Village People - Jim Sowerby
23 March 2020
We’re chatting with residents about their favourite place, whether it’s a workshop, a sewing room or an art studio. We caught up with Jim Sowerby in Havelock North, who showed us around the impressive village vege garden.
“My wife Colleen and I have been at Summerset in the Vines for 17 years and I’ve worked in the vege garden for 13 years. There are two of us now who look after it. You can’t really work in a big group, because that way it’s harder to get things done!
“We pick the veges every Friday and sell them to the residents for 50¢. The money goes to the social club. Our best crop is broad beans; those sell like hotcakes. The baby carrots and butternuts are popular, too.
“I’ve always been interested in gardening. I loved being in the school gardening competition, and when I was at Waiouru Army Camp we had a big vege garden
“My grandfather taught me how to do a lot of things in the garden.”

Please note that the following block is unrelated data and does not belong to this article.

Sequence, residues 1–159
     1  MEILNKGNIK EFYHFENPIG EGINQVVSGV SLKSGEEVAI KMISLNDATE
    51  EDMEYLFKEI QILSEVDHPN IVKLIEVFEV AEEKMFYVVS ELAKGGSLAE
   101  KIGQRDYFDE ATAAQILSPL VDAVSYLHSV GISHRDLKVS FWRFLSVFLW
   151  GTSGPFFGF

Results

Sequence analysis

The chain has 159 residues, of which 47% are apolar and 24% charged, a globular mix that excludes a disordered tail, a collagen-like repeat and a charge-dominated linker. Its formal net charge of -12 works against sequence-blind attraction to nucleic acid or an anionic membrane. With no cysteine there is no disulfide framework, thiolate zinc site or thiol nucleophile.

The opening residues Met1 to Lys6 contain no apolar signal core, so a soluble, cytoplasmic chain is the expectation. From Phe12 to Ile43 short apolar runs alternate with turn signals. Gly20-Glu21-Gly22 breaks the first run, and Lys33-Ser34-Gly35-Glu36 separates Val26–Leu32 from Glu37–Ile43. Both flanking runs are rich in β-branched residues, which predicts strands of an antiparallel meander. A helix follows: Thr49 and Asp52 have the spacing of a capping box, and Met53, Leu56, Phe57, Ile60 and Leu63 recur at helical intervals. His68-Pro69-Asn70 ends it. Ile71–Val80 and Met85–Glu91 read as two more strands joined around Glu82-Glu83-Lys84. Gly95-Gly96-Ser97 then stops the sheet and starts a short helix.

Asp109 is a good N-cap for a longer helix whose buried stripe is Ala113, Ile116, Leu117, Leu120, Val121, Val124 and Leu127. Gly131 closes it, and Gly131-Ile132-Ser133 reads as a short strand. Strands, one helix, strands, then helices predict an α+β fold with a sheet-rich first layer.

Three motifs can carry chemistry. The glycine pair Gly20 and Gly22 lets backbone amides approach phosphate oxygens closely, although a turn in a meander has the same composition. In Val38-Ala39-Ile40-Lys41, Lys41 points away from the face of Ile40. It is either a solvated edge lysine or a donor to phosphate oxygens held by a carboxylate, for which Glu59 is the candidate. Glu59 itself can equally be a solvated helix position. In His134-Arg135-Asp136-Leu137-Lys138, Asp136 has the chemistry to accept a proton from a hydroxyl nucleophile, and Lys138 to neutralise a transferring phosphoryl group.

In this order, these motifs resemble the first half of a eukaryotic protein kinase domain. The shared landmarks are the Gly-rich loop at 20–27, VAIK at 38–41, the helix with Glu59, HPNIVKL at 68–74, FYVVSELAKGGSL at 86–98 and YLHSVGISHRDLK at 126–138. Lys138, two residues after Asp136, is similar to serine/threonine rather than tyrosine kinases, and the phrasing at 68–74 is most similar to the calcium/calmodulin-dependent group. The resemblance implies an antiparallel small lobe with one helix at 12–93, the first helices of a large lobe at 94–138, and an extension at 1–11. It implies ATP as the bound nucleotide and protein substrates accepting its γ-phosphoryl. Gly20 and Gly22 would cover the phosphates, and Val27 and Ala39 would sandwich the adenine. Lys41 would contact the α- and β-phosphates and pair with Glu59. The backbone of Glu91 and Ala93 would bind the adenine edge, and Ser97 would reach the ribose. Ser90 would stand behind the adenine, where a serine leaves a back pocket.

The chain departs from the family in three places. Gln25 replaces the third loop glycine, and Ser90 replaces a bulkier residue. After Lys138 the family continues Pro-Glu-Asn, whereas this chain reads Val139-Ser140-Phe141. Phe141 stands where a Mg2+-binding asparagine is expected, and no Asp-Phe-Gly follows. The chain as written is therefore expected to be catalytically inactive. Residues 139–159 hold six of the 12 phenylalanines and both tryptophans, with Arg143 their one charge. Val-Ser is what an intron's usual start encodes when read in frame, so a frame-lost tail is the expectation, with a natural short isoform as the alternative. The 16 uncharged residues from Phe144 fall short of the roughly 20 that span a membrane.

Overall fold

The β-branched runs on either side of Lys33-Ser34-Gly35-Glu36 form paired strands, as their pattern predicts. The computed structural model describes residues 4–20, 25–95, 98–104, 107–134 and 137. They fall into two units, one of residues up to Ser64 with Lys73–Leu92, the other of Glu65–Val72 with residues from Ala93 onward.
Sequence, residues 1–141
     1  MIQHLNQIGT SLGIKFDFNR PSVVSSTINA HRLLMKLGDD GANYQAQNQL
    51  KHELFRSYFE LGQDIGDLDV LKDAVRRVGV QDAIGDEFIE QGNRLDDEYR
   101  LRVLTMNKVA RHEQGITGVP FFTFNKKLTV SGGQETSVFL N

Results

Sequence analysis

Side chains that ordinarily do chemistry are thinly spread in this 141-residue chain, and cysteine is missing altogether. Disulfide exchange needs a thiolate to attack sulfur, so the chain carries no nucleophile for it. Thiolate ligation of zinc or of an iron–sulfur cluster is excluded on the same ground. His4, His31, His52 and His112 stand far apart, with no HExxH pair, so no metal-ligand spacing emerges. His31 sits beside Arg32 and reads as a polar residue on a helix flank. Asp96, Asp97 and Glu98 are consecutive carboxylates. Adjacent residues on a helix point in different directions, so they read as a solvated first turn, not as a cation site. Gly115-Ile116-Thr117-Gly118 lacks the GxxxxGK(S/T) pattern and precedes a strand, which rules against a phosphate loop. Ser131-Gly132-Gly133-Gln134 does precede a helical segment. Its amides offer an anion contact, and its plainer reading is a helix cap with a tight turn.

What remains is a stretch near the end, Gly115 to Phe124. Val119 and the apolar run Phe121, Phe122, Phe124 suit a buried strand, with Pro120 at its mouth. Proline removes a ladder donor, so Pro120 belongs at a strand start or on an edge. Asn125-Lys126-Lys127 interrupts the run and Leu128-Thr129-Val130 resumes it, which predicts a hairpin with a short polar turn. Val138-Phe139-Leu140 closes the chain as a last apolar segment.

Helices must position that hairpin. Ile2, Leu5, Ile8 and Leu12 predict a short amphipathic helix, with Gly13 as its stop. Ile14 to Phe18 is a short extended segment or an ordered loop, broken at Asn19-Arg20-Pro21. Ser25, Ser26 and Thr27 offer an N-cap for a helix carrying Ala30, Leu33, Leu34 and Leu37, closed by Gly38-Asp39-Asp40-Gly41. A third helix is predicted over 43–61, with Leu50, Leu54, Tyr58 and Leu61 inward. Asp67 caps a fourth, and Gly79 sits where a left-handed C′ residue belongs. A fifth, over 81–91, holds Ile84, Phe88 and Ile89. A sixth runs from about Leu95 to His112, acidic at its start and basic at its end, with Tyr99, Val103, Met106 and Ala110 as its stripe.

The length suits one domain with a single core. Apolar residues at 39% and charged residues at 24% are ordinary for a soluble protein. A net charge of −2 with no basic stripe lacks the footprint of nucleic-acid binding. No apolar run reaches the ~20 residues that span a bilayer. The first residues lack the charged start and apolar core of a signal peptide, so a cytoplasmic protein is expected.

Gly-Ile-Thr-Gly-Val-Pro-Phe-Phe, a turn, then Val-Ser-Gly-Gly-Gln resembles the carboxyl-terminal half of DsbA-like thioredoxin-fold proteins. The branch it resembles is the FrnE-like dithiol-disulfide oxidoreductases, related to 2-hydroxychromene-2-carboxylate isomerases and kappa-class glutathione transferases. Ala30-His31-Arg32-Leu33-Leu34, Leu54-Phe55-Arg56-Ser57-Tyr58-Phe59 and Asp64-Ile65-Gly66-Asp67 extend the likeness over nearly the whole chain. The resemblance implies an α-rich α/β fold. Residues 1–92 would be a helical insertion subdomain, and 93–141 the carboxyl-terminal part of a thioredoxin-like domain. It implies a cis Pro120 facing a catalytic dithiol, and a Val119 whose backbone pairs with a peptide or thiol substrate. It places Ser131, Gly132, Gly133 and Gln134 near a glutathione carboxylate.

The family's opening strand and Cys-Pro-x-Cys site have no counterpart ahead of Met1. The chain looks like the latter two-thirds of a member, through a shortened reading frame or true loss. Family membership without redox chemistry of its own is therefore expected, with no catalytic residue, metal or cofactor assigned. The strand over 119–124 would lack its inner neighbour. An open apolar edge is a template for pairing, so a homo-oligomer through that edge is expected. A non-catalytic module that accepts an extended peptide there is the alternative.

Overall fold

"People seem to be getting away from gardening now and I don’t understand it. You only need a small patch to grow a lot of things. I do it because I hate to just sit around, and it’s really satisfying to see things you’ve planted produce a good crop.”
Jim’s top tips:
Look after the soil.
Get some good-quality compost to boost vege growth, and try crop rotation (where you don’t always plant the same thing in the same place) to minimise nutrient loss in the soil.
For the best results further down the track, spend a little extra and buy punnets of small plants rather than seeds.
Play to your strengths.
If something just isn’t flourishing in the garden, cut your losses and move on. Rather than coaxing a failing plant into producing a bumper crop, focus on what works best for your particular climate, garden environment and soil type.
Think about cost.
Try growing plants that are costly to buy in the supermarket. It’s often cheaper just to buy certain things, but green vegetables are more expensive, so it’s worth growing your own.
Read more about life at Summerset in our quarterly magazine Summerset Scene